There are new investment products hitting the shelves every week. This fierce competition amongst asset management companies is driving down expense ratios, but investor’s are potentially paying higher costs. There are 50 U.S. Large Cap ETFs with over $500 million in assets, which means there will always be something in that category doing better than what you’ve selected.
Below are two nearly identical portfolios; both are sixty percent stocks and forty percent bonds. Each portfolio has twelve slices, with identical allocations in each sleeve. The only thing that’s different about them are the holdings. For example, portfolio 1 has a 10% position to U.S. Large Cap Growth, represented by RPG from Guggenheim. Portfolio 2 also has a 10% position to U.S. Large Cap Growth, except it gets its exposure through Vanguard’s VUG. Before we look at how these portfolios have performed, I need to caveat this by saying this is not what I view to be an “optimal” portfolio, it is not something I recommend. Not every asset class is included, there are no commodities, foreign bonds, or cryptocurrencies. This is for illustrative purposes only (HYG is the only overlap).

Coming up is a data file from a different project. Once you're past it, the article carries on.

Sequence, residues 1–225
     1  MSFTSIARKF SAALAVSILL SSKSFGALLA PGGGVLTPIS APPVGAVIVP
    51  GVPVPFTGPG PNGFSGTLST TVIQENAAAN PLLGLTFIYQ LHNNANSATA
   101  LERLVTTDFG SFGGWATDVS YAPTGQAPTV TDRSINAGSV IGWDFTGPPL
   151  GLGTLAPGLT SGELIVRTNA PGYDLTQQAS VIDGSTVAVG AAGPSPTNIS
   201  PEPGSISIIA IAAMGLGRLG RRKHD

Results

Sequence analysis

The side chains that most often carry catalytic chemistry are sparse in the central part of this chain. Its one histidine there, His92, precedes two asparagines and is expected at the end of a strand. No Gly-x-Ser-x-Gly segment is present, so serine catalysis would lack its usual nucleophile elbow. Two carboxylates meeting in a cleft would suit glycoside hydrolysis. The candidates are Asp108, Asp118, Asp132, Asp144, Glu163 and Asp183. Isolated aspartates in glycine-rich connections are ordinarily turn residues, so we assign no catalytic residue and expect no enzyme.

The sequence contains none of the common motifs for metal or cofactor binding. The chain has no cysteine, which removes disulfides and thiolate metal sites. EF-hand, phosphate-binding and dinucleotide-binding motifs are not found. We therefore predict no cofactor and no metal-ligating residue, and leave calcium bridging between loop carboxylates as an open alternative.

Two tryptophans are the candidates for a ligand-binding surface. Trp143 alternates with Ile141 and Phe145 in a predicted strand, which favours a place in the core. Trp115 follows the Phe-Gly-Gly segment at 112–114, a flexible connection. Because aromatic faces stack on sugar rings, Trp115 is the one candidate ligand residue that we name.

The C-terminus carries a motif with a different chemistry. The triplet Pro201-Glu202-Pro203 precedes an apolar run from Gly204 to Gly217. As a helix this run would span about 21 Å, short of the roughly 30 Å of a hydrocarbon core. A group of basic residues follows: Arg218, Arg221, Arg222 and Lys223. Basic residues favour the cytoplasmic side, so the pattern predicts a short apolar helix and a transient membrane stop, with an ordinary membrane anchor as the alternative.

Portfolio 1 returned 5.95% per year, or 77% over this 10-year period. Portfolio 2 returned 5.19% per year, or 65% over the same time (The earliest common inception date for these portfolios are July 2007.).
The table below shows the best and worst 1 and 3-year periods. You’ll notice they’re very comparable, what put a little bit of space between them was the rebound in the twelve months following the 2009 bottom.
Portfolio 2 was mostly random, I didn’t put much thought into the funds I selected. Here’s the kicker; Portfolio 1 was selected using each of the best performing ETFs over the last ten years. The optimal portfolio given the assets I selected outperformed one that required zero thought by just 0.76% a year. The good enough portfolio captured 93% of the value as the perfect portfolio.
Creating the proper asset allocation and staying with it has a much bigger impact on your returns than selecting the best performing funds within those asset classes. The chart below is visual evidence of this. Portfolio 2 sold after the 23.3% decline in 2008, sat out 2009, and returned to the model in 2010. Portfolio 3 also sold after 2008, but it waited two years and returned to the model in 2011. This type of behavior kills returns. If you’re going to run away from risk after it’s already taken a bite out of your portfolio, you shouldn’t be investing, period.
I’m not saying the pieces don’t matter, of course they do. I’m just saying the pie is way more important. The good enough portfolio can get you 90% of the way there. Sticking with it will give you the other 10%.